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Kennedy cousin Michael Skakel denied parole in 1975 slaying
Question of the Day
SUFFIELD, Conn. — Kennedy cousin Michael Skakel was denied a bid for freedom Wednesday at his first parole hearing since he was convicted a decade ago of killing his neighbor in 1975.
Skakel, who proclaimed his innocence at the hearing, nodded and patted his attorney on the back after the three-person state parole board read the unanimous decision. He will be eligible for parole again in 2017.
Skakel, 52, is serving 20 years to life for fatally beating Martha Moxley with a golf club in Greenwich when they were 15. Skakel is a nephew of Ethel Kennedy, the widow of Robert F. Kennedy.
At the hearing at McDougall-Walker Correctional Institution in Suffield, Skakel spoke slowly and softly, saying: "I did not commit this crime."
In attendance was Dorthy Moxley, the victim's mother, who said losing a child is the worst thing in the world and Skakel should serve at least 20 years in prison.
"Martha, my baby, will never have a life," she said, her voice breaking.
Skakel told the parole board he prays every day that whoever committed the crime is brought to justice, but he is the wrong man.
"If I could ease Mrs. Moxley's pain in any way, shape or form I would take responsibility all day long for this crime," Skakel said. But, he added, "I cannot bear false witness against myself."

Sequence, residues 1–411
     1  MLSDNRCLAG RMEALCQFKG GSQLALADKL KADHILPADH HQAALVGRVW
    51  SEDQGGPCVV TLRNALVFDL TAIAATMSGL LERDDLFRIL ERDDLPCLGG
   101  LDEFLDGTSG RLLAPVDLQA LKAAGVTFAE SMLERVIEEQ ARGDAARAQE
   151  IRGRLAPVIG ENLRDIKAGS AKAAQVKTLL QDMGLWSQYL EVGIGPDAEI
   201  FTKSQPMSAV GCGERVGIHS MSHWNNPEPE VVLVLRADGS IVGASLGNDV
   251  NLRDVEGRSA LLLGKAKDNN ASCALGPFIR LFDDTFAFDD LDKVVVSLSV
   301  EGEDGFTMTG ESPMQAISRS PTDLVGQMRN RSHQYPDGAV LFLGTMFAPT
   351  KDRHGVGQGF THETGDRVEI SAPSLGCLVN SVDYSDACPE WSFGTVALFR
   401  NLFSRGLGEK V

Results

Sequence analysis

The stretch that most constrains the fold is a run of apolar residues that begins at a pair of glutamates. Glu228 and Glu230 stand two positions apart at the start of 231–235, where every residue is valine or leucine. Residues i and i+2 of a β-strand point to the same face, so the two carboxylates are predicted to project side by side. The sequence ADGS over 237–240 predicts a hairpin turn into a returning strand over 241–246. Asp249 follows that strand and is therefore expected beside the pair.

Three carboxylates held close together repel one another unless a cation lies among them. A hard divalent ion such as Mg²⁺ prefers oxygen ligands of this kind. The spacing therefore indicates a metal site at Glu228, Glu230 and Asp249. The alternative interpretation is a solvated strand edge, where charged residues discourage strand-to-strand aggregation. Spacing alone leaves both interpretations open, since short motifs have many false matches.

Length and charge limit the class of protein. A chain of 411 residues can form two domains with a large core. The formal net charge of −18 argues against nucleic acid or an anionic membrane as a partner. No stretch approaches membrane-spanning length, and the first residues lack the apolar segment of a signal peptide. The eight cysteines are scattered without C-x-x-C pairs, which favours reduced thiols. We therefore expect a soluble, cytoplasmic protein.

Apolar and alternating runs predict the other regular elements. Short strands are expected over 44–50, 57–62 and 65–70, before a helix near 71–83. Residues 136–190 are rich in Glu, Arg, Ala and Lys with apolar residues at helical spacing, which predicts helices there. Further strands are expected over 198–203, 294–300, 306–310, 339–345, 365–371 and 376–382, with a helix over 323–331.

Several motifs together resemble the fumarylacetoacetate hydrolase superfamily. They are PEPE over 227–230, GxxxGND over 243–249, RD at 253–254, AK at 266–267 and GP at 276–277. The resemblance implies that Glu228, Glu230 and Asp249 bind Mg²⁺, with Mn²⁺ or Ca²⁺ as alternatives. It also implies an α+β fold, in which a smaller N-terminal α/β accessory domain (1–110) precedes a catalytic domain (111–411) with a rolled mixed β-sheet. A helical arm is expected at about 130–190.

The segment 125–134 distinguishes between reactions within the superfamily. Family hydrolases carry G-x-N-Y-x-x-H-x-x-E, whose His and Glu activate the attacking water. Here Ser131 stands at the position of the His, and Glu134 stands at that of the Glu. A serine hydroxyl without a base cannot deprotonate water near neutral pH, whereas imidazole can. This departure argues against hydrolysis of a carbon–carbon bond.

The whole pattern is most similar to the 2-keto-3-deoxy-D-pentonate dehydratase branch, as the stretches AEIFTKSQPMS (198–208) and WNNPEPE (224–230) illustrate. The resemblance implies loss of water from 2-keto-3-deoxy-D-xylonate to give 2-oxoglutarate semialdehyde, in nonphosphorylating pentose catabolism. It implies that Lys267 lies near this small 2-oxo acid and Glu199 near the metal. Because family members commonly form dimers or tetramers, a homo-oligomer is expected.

The heavyset Skakel, with gray, thinning hair, wore a tan prison jumpsuit to the hearing. To support his claims of innocence, he told of how he became sober.
"I pose to you: How can a guilty man stay sober for 30 years with that kind of guilt on his mind?" he said.
Skakel also talked about his mother's death at an early age, his learning disability and a childhood in which he attended numerous schools. He said his ex-wife was recently diagnosed with cancer, and he is concerned about his 13-year-old son.
"I'm at your mercy. The only power I have is prayer," he said.
The chairwoman of the parole board, Erika Tindill, showed some skepticism as she pressed Skakel with questions. She said it was an odd situation for him to ask for early release while proclaiming innocence of the crime.
Ultimately, she said, the board concluded that the time he has served is not punishment enough for the crime.
The victim's brother, John Moxley, said during the hearing that he believes Skakel should serve a life sentence.
"There's no upside in this. So what? He's got another five years in prison. What does that do for Martha? It's a hollow victory," he said after the hearing.
Skakel's attorney, Hope Seeley, said the board's decision is disappointing because Skakel is not a danger to society.
"To incarcerate Michael Skakel for at least another five years compounds the miscarriage of justice that has already occurred in this case," she said.
Skakel, convicted in 2002, was eligible for parole consideration because of laws in place at the time of the crime including good behavior credits.
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